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Publication numberUS4340331 A
Publication typeGrant
Application numberUS 06/151,136
Publication dateJul 20, 1982
Filing dateMay 19, 1980
Priority dateMar 26, 1979
Publication number06151136, 151136, US 4340331 A, US 4340331A, US-A-4340331, US4340331 A, US4340331A
InventorsDominick J. Savino
Original AssigneeSavino Dominick J
Export CitationBiBTeX, EndNote, RefMan
External Links: USPTO, USPTO Assignment, Espacenet
Staple and anviless stapling apparatus therefor
US 4340331 A
Abstract
A staple for use in conjunction with an anviless stapling apparatus of generally U-shaped plan form configuration where the width of each end of the crown portion of the staple in a direction orthogonal to the plane of the staple is less than the effective width of the associated leg portions of the staple. Also, a self-clinching stapling apparatus, which has no anvil, and includes a nosepiece structure whose only moving part is a driver element. The nosepiece structure of the stapling apparatus defines a drive track whose cross section corresponds to the configuration of the crown portion of the specially designed staple. The nosepiece structure of the stapling apparatus further defines elongated grooves, disposed at an angle relative to the longitudinal axis of the drive track. During a stapling operation, the driver element is actuated causing the staple to move downwardly through the drive track towards the workpiece. The wider staple legs are simultaneously engaged in and guided by the angled grooves in the nosepiece structure. While the crown of the staple passes unimpeded through the drive track towards the workpiece, the wider staple legs are channeled and bent by the angled grooves.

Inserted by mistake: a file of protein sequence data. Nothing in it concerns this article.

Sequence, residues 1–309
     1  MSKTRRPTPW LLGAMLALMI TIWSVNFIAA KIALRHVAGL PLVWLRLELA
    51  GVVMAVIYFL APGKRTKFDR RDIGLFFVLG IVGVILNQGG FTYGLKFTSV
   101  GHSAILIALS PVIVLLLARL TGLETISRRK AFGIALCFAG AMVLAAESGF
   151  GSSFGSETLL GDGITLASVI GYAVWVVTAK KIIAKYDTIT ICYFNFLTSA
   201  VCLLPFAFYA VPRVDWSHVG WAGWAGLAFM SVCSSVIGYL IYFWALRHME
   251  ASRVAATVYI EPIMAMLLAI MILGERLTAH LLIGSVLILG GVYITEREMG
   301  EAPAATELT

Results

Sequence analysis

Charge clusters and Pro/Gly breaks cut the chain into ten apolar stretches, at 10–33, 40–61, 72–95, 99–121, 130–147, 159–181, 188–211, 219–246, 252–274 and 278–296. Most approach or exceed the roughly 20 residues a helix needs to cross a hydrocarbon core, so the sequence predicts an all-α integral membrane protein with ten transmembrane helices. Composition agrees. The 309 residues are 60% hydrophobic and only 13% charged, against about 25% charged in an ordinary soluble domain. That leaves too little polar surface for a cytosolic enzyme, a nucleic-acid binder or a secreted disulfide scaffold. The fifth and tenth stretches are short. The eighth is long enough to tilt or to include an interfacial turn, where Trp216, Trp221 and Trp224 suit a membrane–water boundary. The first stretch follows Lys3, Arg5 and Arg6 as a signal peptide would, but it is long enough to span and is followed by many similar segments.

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Claims(6)
What is claimed is: